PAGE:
At that moment, she becomes a “Sotah,” and is forbidden to her husband until that status is removed by her drinking the “Sotah Waters,” discussed in a bit. She is escorted to the Temple by two Torah scholars – whose purpose is to ensure that she does not have sex with her husband on the way(!). When she arrives, she is forced to undergo a very arduous and humiliating ritual: she is intimidated, her hair is uncovered, her clothes are torn, she is shepherded from spot to spot within the Temple, and she is denied the comfort of familiar faces. She is encouraged to confess to her infidelity. If she does, then her husband simply divorces her and they part ways. If there was even one witness that she actually committed adultery, she would similarly be divorced without drinking the Sotah Waters. Moreover, if she refused to drink the Sotah Waters, even while proclaiming her innocence, she wouldn’t be forced to drink the water – she would simply be divorced.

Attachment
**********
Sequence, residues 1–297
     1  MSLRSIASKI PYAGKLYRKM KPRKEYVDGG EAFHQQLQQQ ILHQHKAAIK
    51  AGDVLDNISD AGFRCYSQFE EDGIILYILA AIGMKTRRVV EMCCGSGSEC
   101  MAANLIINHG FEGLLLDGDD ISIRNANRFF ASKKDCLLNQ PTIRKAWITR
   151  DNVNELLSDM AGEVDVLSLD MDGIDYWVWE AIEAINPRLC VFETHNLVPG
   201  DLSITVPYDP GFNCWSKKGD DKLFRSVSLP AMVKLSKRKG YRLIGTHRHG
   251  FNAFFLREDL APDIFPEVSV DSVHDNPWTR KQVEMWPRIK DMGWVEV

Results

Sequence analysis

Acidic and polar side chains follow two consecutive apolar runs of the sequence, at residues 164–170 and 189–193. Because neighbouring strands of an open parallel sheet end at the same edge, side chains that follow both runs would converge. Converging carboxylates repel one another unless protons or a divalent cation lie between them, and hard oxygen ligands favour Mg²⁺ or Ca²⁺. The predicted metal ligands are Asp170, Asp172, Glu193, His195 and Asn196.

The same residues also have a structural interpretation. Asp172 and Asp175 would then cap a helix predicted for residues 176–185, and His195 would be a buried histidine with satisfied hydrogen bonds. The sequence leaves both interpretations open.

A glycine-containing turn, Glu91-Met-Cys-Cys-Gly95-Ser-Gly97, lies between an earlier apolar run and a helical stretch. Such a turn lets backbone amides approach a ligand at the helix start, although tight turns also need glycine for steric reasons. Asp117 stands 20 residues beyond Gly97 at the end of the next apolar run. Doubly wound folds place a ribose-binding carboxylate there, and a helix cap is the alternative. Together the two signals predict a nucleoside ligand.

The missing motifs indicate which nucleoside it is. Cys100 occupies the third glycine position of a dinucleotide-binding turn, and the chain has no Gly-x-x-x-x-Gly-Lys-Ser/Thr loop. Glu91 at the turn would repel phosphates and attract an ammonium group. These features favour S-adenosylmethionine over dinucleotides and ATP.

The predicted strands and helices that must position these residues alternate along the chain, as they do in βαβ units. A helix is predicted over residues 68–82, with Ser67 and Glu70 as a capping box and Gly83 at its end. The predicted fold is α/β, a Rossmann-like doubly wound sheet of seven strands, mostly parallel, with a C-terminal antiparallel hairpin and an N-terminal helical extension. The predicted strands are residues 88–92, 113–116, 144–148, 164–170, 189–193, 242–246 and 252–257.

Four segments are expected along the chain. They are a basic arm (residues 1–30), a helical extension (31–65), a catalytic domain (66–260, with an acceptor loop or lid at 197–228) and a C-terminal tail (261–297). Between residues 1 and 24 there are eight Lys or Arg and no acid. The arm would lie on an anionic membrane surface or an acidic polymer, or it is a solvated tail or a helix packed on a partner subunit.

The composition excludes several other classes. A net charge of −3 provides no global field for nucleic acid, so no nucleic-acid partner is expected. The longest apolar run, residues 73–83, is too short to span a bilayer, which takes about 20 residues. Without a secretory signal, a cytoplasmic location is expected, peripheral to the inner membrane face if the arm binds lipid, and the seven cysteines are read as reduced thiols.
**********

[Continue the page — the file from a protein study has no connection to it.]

If, however, she insists upon her innocence and doesn’t refuse to drink the Sotah Waters, then G-d’s name is inscribed with ink on a piece of parchment, and then the ink is scraped off into a mixture of water and earth. Then, before a large crowd, she drinks the mixture, and the water tests her. If she had indeed committed adultery after she was warned by her husband, then her insides would hemorrhage and rupture, and she would die – as would her adulterer, wherever he might be at that moment. On the other hand, if she had not, then not only would she not die, but she would bear seed, and be restored to her husband.